At least nine people who attended a rally hosted by President Donald Trump’s campaign last month in Bemidji, Minnesota, later tested positive for COVID-19, state health officials said Friday.
Trump spoke with attendees at the rally, which was held outside at an airport hangar on September 18. It was one of several campaign stops that Trump made in recent months after states began loosening restrictions put in place due to the pandemic.
According to Kris Ehresmann, director of the Infectious Disease Epidemiology, Prevention and Control Division of the Minnesota Department of Health (MDH), two of the nine rally attendees who tested positive were hospitalized for treatment of the virus.
“For the Bemidji rally, nine cases reported attending the rally; one case was known to be infectious,” Ehresmann said during a Friday news conference. “There were two hospitalizations that were associated with that—one who was in intensive care—and no deaths at this point.” She said health officials were continuing to monitor another rally that Trump held in Duluth, Minnesota, on September 30.
Trump announced that he and first lady Melania Trump had tested positive for COVID-19 early in the morning on October 2, just two weeks after the Bemidji campaign event. Trump was later hospitalized for three days while medical professionals oversaw his treatment, and several officials within his administration have also tested positive for the virus over the last week.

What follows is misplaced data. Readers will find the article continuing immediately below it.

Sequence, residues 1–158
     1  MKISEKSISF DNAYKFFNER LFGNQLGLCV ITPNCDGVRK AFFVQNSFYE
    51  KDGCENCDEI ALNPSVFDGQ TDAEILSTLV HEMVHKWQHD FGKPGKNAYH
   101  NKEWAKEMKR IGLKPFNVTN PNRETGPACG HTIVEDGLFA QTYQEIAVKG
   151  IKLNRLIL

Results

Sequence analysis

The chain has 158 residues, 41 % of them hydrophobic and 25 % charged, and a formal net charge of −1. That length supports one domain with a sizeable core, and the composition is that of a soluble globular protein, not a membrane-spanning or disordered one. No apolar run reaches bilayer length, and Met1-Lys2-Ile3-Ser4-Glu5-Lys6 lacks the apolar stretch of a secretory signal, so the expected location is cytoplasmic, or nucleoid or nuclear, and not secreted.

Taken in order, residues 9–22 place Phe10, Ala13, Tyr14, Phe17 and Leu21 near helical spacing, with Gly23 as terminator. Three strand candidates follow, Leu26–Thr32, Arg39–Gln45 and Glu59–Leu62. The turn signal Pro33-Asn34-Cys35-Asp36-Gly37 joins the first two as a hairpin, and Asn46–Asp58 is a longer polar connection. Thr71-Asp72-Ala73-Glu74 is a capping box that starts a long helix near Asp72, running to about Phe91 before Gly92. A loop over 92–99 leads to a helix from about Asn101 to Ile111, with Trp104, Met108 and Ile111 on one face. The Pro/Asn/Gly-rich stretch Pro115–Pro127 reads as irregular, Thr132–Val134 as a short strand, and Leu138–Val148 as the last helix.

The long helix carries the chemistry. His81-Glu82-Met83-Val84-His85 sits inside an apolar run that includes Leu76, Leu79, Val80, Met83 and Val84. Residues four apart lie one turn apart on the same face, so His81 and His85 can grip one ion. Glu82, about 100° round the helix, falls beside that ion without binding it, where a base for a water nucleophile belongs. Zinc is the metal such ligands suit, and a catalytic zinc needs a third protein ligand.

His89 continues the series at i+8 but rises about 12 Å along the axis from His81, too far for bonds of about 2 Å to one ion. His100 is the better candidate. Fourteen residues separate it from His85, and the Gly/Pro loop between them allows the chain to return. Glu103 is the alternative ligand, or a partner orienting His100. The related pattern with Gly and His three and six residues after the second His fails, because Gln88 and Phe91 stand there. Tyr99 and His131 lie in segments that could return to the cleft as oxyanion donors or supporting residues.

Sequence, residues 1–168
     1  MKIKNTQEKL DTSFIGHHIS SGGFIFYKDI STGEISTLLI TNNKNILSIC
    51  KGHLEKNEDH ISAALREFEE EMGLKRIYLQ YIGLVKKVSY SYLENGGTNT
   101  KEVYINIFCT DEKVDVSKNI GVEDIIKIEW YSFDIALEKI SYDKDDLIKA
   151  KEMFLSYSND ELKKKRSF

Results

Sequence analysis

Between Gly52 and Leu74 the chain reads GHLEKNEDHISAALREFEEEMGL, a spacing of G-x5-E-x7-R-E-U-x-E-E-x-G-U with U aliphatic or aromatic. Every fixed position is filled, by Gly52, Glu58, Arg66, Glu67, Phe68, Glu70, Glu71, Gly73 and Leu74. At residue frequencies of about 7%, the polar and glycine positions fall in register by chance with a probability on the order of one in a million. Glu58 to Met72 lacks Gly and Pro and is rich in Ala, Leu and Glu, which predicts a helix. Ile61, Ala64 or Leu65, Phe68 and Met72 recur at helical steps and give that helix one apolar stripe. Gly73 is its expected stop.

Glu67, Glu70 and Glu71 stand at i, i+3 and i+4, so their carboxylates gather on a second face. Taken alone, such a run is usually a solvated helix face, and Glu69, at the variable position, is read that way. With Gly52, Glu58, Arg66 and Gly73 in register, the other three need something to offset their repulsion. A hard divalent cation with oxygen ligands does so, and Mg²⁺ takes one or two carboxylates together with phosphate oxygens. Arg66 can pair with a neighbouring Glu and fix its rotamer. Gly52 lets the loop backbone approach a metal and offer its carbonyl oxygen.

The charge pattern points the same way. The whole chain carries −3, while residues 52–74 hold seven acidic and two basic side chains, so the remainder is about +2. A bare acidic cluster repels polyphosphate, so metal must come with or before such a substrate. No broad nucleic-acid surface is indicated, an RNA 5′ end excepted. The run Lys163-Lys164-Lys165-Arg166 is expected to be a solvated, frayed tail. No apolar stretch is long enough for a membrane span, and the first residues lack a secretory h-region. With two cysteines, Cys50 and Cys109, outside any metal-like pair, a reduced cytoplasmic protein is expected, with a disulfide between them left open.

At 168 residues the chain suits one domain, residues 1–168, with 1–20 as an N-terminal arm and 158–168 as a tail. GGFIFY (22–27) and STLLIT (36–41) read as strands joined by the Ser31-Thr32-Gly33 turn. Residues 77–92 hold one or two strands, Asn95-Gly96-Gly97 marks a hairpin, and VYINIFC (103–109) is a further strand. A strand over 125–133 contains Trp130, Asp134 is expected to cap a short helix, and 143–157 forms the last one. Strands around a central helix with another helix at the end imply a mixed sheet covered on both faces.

Trump returned to the White House on Monday, and his campaign said on Friday that he would begin hosting campaign events again soon. White House physician Dr. Sean Conley issued a statement on Friday saying that he “fully anticipate[s] the President’s safe return to public engagements” by Saturday, eight days after Trump tested positive.
According to the Centers for Disease Control and Prevention (CDC), COVID-19 patients who experienced symptoms can be around other people starting 10 days after their symptoms first appeared, so long as their symptoms are getting better and it has been at least 24 hours since they had a fever. Individuals who were exposed to the virus have been instructed by the CDC to quarantine for 14 days, which is believed to be the duration of the virus’ incubation period.
The president had a busy campaign schedule in the days before he tested positive, which included the first presidential debate in Cleveland, Ohio, on September 29 and campaign stops in Pennsylvania, New Jersey and Minnesota. After Trump announced that he had contracted the virus, the MDH issued a statement encouraging those who attended the Duluth rally to get tested for the virus if they began experiencing symptoms.
By Friday, October 9, state health officials said 109,312 people had tested positive for the virus and 2,121 people had died since the start of the pandemic. The U.S. currently leads the world with the greatest number of confirmed COVID-19 cases and deaths, with more than 7.6 million cases and 213,000 deaths reported, according to the Johns Hopkins University virus tracker.
Newsweek reached out to Trump’s campaign for comment but did not receive a response in time for publication.
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